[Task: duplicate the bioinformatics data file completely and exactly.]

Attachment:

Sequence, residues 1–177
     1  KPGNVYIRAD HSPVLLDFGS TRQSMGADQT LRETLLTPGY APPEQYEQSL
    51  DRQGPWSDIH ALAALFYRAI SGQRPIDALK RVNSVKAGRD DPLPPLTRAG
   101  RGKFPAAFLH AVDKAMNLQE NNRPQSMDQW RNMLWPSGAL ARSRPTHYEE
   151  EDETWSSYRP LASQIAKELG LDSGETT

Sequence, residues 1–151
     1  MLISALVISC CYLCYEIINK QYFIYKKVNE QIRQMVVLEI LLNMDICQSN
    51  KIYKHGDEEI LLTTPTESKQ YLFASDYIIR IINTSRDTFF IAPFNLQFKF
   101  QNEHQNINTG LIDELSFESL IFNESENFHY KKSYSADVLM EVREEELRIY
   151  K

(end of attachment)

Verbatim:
Sequence, residues 1–177
     1  KPGNVYIRAD HSPVLLDFGS TRQSMGADQT LRETLLTPGY APPEQYEQSL
    51  DRQGPWSDIH ALAALFYRAI SGQRPIDALK RVNSVKAGRD DPLPPLTRAG
   101  RGKFPAAFLH AVDKAMNLQE NNRPQSMDQW RNMLWPSGAL ARSRPTHYEE
   151  EDETWSSYRP LASQIAKELG LDSGETT

Sequence, residues 1–151
     1  MLISALVISC CYLCYEIINK QYFIYKKVNE QIRQMVVLEI LLNMDICQSN
    51  KIYKHGDEEI LLTTPTESKQ YLFASDYIIR IINTSRDTFF IAPFNLQFKF
   101  QNEHQNINTG LIDELSFESL IFNESENFHY KKSYSADVLM EVREEELRIY
   151  K